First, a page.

COVID-19 has infected over 8.5 million people worldwide since late 2019. By March 2020, governments in over 100 countries had instituted lockdowns and forced businesses to adopt remote work policies or shut down.
Businesses are reopening, but the novel coronavirus remains a threat. Business owners can protect their company and employees with new workplace policies and procedures designed to increase workplace safety without shutting down. You can prepare your business and staff by taking the following steps.
Determine which staff are essential personnel and which are non-essential. You can effectively reduce the number of staff on-site by declaring that only essential employees should report to work. You will also want to establish what conditions would prompt you to limit employees to essential personnel only. You may decide to restrict the number of staff reporting to work if an employee has a confirmed case or if local regulations change.
Modify your leave policy for staff to encourage employees to stay home if they are demonstrating symptoms of the virus. You may also require exposed employees to be tested and cleared before returning to work. Screen employees regularly to ensure only healthy staff are reporting to work. You can create a checklist of symptoms to review with staff at the start of their shift. Send staff home if they exhibit symptoms, such as headaches, sore throat, vomiting, and fever. In order to ensure all your employees are healthy, you can require your staff to be tested for the virus. With COVID-19 tests designed to accommodate corporations, Drip Hydration can administer hundreds of tests in a day and schedule recurring visits as needed. They offer flexible corporate rates depending on the size of your company.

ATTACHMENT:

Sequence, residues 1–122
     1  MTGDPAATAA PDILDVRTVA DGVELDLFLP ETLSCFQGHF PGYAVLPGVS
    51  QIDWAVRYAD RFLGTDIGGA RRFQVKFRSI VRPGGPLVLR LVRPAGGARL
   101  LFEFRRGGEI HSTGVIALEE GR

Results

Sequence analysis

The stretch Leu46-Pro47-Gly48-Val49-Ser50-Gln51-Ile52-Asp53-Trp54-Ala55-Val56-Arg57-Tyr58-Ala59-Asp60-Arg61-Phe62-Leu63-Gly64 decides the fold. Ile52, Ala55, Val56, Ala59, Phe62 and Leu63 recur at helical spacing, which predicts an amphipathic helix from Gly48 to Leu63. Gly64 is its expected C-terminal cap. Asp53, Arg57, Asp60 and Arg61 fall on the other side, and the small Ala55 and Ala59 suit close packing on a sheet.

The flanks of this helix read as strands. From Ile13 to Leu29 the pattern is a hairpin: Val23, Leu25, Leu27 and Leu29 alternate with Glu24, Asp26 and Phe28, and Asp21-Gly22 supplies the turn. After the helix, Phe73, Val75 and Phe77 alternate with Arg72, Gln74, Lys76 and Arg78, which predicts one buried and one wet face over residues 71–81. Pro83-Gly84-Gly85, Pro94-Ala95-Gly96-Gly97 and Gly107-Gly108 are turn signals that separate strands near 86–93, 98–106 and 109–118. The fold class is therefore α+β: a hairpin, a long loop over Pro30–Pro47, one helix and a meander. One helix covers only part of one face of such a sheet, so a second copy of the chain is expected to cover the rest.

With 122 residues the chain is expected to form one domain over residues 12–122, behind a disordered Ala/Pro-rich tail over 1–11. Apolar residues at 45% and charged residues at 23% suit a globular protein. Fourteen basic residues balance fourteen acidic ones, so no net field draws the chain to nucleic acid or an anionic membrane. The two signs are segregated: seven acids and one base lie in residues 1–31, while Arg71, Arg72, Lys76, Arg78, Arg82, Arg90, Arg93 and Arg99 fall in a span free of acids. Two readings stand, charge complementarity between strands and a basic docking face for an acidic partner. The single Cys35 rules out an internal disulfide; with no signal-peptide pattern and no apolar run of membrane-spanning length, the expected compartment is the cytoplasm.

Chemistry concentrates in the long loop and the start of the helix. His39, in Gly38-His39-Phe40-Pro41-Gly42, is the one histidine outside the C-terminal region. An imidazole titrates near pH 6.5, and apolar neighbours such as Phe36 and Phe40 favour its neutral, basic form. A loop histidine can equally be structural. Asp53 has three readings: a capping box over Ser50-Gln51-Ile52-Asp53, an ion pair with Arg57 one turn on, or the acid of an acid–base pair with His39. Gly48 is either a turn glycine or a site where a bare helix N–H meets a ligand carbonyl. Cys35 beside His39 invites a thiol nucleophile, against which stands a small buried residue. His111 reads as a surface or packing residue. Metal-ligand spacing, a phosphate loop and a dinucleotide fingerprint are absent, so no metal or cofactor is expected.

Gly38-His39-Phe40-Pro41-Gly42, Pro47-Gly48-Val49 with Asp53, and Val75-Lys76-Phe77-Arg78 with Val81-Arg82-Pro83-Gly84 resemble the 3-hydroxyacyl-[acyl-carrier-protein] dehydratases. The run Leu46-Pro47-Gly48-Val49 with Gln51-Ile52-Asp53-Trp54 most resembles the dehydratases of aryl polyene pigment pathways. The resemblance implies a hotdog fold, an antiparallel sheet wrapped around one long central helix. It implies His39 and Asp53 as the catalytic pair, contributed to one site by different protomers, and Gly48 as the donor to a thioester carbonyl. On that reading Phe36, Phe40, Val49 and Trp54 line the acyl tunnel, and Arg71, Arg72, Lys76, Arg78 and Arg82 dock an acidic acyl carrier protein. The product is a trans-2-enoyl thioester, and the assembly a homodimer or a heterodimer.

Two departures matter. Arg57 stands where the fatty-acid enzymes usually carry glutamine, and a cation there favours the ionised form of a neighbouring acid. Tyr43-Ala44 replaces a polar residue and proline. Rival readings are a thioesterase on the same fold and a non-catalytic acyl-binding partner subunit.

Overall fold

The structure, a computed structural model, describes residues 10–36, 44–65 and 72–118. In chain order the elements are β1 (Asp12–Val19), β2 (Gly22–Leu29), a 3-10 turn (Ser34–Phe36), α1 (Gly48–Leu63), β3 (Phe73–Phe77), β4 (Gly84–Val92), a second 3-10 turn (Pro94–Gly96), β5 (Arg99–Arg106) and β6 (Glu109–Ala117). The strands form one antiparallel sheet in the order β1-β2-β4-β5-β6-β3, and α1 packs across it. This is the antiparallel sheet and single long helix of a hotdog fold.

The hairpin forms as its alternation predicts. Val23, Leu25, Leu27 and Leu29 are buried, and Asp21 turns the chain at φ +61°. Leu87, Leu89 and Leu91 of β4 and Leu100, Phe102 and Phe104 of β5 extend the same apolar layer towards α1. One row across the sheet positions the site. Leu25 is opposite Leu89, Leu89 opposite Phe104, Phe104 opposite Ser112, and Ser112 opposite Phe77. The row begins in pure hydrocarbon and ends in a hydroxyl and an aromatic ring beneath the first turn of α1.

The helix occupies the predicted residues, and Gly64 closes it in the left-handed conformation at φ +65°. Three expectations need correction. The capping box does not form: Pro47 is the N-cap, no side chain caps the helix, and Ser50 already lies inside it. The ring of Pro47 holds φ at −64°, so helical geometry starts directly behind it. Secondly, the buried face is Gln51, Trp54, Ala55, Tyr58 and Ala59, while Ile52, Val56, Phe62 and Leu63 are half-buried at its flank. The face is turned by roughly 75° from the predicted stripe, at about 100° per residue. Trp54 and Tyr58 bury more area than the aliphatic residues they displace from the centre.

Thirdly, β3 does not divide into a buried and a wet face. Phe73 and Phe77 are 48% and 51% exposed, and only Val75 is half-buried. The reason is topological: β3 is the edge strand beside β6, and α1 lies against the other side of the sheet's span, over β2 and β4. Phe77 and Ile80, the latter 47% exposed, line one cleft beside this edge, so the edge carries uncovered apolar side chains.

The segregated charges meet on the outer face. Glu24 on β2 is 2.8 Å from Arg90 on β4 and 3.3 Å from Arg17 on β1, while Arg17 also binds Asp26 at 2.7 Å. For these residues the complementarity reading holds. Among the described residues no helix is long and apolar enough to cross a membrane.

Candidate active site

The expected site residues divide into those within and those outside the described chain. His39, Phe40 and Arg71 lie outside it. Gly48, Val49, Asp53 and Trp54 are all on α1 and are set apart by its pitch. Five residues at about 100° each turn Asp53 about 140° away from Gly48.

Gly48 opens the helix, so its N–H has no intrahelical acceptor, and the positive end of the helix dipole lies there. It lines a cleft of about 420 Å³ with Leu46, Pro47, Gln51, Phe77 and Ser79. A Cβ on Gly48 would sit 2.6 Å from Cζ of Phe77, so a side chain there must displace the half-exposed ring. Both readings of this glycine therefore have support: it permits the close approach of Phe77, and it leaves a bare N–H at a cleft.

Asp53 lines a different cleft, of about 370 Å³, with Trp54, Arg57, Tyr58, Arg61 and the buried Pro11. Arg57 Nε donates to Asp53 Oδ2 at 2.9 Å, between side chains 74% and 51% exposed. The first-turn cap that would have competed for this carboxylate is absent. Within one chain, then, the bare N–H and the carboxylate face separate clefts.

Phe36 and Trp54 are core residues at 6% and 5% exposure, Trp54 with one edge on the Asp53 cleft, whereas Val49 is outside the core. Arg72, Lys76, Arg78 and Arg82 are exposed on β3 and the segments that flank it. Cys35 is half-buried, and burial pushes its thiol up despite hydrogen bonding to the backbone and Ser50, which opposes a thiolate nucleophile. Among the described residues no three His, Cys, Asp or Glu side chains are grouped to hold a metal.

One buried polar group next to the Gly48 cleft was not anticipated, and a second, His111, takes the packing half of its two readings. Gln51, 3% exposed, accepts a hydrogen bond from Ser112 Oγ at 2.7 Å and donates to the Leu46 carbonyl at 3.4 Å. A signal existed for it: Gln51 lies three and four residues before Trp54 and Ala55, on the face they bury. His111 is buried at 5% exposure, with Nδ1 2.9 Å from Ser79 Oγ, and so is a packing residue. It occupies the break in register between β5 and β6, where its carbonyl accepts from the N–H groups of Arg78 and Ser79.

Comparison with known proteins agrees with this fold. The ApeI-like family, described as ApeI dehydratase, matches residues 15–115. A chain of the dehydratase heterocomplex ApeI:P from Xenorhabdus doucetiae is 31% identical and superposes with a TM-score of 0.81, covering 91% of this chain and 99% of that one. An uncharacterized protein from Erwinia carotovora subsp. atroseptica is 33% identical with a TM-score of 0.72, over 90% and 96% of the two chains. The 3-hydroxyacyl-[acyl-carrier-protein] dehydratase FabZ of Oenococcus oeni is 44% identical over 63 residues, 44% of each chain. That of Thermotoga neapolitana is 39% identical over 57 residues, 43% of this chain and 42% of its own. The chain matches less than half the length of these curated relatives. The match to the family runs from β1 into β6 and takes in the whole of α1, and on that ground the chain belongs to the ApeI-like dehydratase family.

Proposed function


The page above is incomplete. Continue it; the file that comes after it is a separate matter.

Promoting Onsite Safety
Invest in wholesale promotional face masks and ensure your employees have face masks to wear in the workplace. Face masks help reduce the spread of the virus by preventing the wearer from expelling droplets that could transmit it. People wearing face masks will have their mouth and nose covered. People coming in contact with the virus and touching their faces is one of the main methods of virus transmission. Your staff will be unable to touch their mouth and nose if they wear cloth masks. Cloth masks are reusable face masks that can be purchased from reputable vendors, such as the City of Angels PPE.
Encourage your employees to wash their hands regularly. You can provide hand sanitizer for staff to use at their work stations or encourage frequent handwashing breaks. Handwashing is one of the most effective ways to remove the virus and reduce the chance of developing COVID-19. Provide your employees with gloves and encourage them to wear gloves when stocking shelves or handling items for customers. You can reduce the risk of exposure from an asymptomatic employee by requiring staff to wear gloves.
Implementing Remote Work
All staff to work from home if possible. Software for call center implementation can enable your business to transfer calls to employees even if they are off-site. Omnichannel software with artificial intelligence (AI) allows staff to handle communications made by phone, video chat, direct message, email, or fax. The AI processes the needs of the individual contacting your business and forwards their communication to staff who are available to help. Using call center software can enable you to provide customer service while ensuring staff can work remotely.
Invest in computers for staff to use when working from home or purchase laptop computers so workers can move to reduce contact with others when working on-site. Employees can use the built-in video camera and streaming apps to hold conference calls with other employees. Video meetings will allow staff to complete tasks safely and effectively.
Communication and Coverage
Select a communication platform you can use to convey information to all staff. Communication platforms, such as Chatwork or Slack, allow staff to exchange messages and post announcements securely. You can use a communication platform to update workers on new procedures, limit on-site staff to essential personnel only, or notify staff of potential exposure to the virus.
You should also develop contingency plans to cover for staff outages. Some businesses have suffered outbreaks. An effective contingency plan can ensure you can operate safely in the event of staff illnesses.
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